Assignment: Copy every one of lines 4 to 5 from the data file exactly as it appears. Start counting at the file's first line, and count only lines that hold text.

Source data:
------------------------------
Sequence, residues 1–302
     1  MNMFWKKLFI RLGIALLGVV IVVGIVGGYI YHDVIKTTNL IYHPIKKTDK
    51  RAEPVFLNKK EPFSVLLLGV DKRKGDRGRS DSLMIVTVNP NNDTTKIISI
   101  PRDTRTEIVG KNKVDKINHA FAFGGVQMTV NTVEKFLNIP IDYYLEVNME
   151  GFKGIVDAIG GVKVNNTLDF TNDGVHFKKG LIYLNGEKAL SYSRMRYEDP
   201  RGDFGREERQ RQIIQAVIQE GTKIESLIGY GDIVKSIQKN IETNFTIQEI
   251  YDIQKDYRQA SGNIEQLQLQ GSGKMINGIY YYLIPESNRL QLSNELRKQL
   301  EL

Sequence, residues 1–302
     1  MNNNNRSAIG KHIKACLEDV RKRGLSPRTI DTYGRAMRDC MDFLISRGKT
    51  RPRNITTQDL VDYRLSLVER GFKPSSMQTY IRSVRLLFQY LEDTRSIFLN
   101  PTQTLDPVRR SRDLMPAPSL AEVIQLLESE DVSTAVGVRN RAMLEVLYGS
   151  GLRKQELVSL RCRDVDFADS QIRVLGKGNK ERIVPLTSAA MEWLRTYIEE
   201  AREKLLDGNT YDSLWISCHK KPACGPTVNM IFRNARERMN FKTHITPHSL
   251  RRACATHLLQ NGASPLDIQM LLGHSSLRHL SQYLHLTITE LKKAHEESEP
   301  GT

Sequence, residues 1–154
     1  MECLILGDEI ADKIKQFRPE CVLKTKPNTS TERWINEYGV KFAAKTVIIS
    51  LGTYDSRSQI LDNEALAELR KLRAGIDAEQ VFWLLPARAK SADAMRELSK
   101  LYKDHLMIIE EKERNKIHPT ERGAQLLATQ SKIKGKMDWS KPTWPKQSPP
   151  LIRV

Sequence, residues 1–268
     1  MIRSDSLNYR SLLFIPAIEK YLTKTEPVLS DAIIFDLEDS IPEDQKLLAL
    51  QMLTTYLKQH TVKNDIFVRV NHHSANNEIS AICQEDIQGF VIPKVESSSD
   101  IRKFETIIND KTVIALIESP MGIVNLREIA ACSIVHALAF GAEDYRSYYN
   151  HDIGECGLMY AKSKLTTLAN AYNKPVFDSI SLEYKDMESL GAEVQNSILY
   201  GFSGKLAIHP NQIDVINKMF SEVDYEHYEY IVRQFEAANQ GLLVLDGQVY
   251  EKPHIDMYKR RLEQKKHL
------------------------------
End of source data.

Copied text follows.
   101  PRDTRTEIVG KNKVDKINHA FAFGGVQMTV NTVEKFLNIP IDYYLEVNME
   151  GFKGIVDAIG GVKVNNTLDF TNDGVHFKKG LIYLNGEKAL SYSRMRYEDP